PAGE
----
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 Power versus Torque


Understanding the relationship between electric motor power and torque is essential for designing, selecting, and optimizing motor-driven systems. In this article, we’ll explore the concepts of power and torque in electric motors, how they relate to each other, and their significance in various applications.

Electric Motor Power:

Power, in the context of electric motors, refers to the rate at which work is done or energy is transferred. It is typically measured in watts (W) or kilowatts (kW). In electric motors, power output determines the motor’s ability to perform work, such as rotating a shaft, driving a load, or generating mechanical motion. The power output of an electric motor is influenced by several factors, including voltage, current, and motor speed.

Electric Motor Torque:

Torque is a measure of rotational force or the tendency of a force to cause an object to rotate about an axis. In electric motors, torque represents the twisting force applied to the motor shaft, which results in rotational motion. Torque is typically measured in newton-meters (Nm) or pound-feet (lb-ft). The torque output of an electric motor is determined by the motor’s design, including factors such as the number of turns in the winding, the strength of the magnetic field, and the motor’s physical dimensions.

Relationship between Power and Torque:

The relationship between power and torque in electric motors is described by the following equation:

Power (W)=Torque (Nm)×Angular Speed (rad/s)Power (W)=Torque (Nm)×Angular Speed (rad/s)

In simpler terms, power is directly proportional to torque and motor speed. This means that to increase power output, you can either increase the torque applied to the motor shaft or increase the motor speed.

Understanding Power-Torque Characteristics:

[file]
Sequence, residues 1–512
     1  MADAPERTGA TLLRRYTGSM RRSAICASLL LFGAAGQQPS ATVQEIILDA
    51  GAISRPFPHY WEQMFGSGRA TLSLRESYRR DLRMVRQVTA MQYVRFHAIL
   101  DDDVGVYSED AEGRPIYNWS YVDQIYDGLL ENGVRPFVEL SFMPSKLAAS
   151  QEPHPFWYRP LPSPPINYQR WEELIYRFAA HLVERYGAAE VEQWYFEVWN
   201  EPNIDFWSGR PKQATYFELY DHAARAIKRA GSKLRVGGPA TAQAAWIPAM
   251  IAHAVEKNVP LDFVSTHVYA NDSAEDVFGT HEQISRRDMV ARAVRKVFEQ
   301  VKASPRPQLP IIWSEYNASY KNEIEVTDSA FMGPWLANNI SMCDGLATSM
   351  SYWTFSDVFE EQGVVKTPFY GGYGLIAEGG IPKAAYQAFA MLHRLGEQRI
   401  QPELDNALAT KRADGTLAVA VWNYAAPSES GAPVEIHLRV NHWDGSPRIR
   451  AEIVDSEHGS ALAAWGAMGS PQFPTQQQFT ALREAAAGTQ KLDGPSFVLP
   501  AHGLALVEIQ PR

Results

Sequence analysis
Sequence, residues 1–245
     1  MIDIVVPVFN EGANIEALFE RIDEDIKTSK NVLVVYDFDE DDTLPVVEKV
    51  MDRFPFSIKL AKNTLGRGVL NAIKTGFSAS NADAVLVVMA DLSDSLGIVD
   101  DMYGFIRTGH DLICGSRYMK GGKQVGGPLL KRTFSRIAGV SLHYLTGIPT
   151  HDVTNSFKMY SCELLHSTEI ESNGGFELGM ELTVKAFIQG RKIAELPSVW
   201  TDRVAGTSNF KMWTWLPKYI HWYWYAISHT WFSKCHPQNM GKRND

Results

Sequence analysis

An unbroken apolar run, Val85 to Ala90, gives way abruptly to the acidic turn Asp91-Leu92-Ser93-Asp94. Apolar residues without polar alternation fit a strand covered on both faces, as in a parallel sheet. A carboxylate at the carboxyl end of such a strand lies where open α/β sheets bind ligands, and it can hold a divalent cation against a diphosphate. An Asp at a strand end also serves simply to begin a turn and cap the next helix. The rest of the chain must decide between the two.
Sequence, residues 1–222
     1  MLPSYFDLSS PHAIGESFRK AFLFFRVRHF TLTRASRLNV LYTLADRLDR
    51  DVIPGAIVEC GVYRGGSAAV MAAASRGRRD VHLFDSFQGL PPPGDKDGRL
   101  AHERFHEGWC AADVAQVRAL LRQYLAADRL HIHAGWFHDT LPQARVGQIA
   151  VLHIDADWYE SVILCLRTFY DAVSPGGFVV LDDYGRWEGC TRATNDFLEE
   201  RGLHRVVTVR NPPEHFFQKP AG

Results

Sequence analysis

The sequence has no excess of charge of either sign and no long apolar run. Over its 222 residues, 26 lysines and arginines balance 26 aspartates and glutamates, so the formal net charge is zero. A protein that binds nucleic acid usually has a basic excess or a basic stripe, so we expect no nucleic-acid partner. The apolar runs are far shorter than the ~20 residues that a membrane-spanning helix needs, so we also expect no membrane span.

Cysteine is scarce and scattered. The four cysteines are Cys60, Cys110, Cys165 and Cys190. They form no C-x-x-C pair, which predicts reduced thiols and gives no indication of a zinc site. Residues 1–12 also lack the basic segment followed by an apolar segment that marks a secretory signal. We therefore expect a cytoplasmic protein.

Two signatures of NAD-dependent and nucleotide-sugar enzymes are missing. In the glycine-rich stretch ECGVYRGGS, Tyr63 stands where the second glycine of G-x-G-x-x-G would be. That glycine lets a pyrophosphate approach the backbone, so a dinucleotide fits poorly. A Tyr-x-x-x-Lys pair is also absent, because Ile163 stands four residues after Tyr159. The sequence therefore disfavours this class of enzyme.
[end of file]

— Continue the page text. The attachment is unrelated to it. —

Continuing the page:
Electric motors exhibit specific power-torque characteristics based on their design and operational parameters. Some key characteristics include:

  1. Constant Power Region: In this region, the power output remains constant even as the motor speed changes. This means that torque decreases as speed increases, and vice versa.
  2. Constant Torque Region: In this region, the torque output remains constant regardless of changes in motor speed. As a result, power output increases linearly with speed.
  3. Maximum Power Point: This is the operating point where the motor delivers its maximum power output. It occurs at the intersection of the constant power and constant torque regions.

Practical Applications:

Understanding the power-torque relationship is crucial for various applications, including:

  • Industrial Machinery: Selecting motors with appropriate power and torque ratings to drive conveyor belts, pumps, compressors, and other industrial equipment.
  • Electric Vehicles: Optimizing motor designs to balance power and torque requirements for efficient propulsion and acceleration.
  • HVAC Systems: Sizing motors to provide sufficient torque to drive fans, blowers, and pumps while minimizing energy consumption.


Electric motor power and torque are interconnected parameters that play a fundamental role in determining the motor’s performance characteristics. By understanding the relationship between power and torque, engineers can design and select motors that meet the specific requirements of various applications, ensuring optimal performance, efficiency, and reliability. Whether it’s powering industrial machinery, electric vehicles, or HVAC systems, the synergy between power and torque remains essential in the realm of electric motor technology.